A teen approached me yesterday and essentially asked, “So, what do you think of the new Pope?”
She was asking because she had heard so many different opinions about him. Ironically, I had been floundering in the same speculative mire a few days before and grappling with the same concerns. Ultimately, this particular teen had heard a lot about Pope Francis, but not much directly from him. On the one hand, this makes sense because he’s only been on the chair for a couple of weeks. On the other hand, this illustrates our tendency to pass judgment quickly based upon preconception, idiosyncrasy, or worse, the preconceptions of others alone. We are not immune to the secular culture and the vaulting of Everyman as the authoritative voice on every matter.
With regard to Catholics and the Pope, this “popular” way of approaching the Pope is both divisive and prideful.
The media (some Catholic media included), in many ways, has placed a subtle wedge between Pope Francis and his predecessor. Francis has been portrayed as the epitome of humility, a poverello who has rejected some of the fancies that have surrounded the papacy, a “pope for the people” (instead of a pope for himself?). These descriptions, which have been so abundant (and perhaps noted so heavily due to complete surprise) have a peculiar impact on the way we perceive the previous papacy, as if Benedict XVI was some nefarious and wealthy egoist. That point only becomes more poignant when we recall that Benedict is still alive. Yet anyone who has encountered Pope Benedict, either in person or in his writings, gains a sense of both his humility and love of the Truth.
So much for a point on division, what about pride? Here I will address the attitude that essentially says, “Pope Francis is not Catholic enough for me?” The answer is simple – who made you the final arbiter on Catholicity? Now, there is one key indicator: Is our Pope a heretic? Look at his track record.
In reflecting upon these phenomena, I am struck ultimately by my own weakness: pride, preconception, lack of openness, etc. But this identification of problems cannot be the final word…
What do I think of the new Pope?
I think the teen’s father (the teen who approached with the initial question) perhaps said it best (as quoted by the teen): “It was unsettling to not have a Pope. Now we have one. We love the Pope.”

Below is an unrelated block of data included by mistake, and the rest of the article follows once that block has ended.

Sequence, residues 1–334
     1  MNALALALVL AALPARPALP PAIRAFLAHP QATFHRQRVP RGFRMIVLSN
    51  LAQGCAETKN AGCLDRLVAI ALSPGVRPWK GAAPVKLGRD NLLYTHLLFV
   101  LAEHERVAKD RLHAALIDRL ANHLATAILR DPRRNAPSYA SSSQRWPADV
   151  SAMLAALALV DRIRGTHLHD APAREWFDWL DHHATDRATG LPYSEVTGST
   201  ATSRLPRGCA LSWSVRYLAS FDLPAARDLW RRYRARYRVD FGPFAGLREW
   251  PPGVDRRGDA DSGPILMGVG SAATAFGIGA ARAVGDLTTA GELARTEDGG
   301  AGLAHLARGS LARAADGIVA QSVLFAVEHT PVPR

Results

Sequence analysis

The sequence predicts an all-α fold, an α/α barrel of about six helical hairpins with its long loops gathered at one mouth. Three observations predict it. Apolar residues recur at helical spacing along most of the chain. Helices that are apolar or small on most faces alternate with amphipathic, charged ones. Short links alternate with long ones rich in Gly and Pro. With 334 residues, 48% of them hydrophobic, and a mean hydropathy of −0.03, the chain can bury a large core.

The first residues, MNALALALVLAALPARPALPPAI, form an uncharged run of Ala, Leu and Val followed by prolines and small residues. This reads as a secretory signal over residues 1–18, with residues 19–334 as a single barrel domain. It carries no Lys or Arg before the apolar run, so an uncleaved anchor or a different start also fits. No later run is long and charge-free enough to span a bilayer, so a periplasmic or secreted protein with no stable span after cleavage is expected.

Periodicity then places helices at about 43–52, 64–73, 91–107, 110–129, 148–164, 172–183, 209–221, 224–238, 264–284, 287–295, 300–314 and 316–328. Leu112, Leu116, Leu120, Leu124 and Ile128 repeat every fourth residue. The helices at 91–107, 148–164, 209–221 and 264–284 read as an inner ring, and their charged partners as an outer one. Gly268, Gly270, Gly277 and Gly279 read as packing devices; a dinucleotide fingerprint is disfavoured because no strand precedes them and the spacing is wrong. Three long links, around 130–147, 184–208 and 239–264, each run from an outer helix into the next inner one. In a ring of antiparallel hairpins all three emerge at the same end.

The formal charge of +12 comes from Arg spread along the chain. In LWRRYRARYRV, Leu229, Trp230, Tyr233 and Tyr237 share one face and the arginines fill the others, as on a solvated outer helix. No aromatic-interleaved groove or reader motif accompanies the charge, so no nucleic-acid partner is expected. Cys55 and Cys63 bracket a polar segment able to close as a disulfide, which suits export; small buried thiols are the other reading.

Let’s get to know him. In the last 4-5 days I have resigned myself almost exclusively to reading only the Pope himself, instead of a gazillion articles about him. Why?
Because the Pope is Peter, and Christ builds his Church on the experience of Peter. Just look at Peter in the Gospels – a humble, stubborn, zealous, weak, faithful, and unfaithful follower of Jesus. That was his experience of Christ and following Christ – and Christ founds the Church on that experience! I followed Pope Benedict because he witnessed to me the love of Christ based upon his real knowledge, his real encounter, his real experience of Christ. His encounter happened through the Church, yet was unique to him as a human person. The exact same is true of Pope Francis. This man has encountered Christ in his experience, and I need to look with Francis through his experience to learn something new about Christ.
Why don’t we like this?
Because it is uncomfortable.
Numerous times Francis has associated himself in the same pipeline as JPII and Benedict XVI. There is no break. He has called us on to protect the poor and the environment, rooted the whole thing in our need for personal conversion. He is interested in preaching the cross and moving forward only with the cross. And he is urging us to encounter Christ more deeply and more joyfully this week than we ever have before.
Jesus is God, but he lowered himself to walk with us. He is our friend, our brother. He illumines our path here. And in this way we have welcomed him today. And here the first word that I wish to say to you: joy! Do not be men and women of sadness: a Christian can never be sad! Never give way to discouragement! Ours is not a joy born of having many possessions, but from having encountered a Person: Jesus, in our midst; it is born from knowing that with him we are never alone, even at difficult moments, even when our life’s journey comes up against problems and obstacles that seem insurmountable, and there are so many of them! And in this moment the enemy, the devil, comes, often disguised as an angel, and slyly speaks his word to us. Do not listen to him! Let us follow Jesus!
He is our true pastor – let’s get to know him, not commentary about him.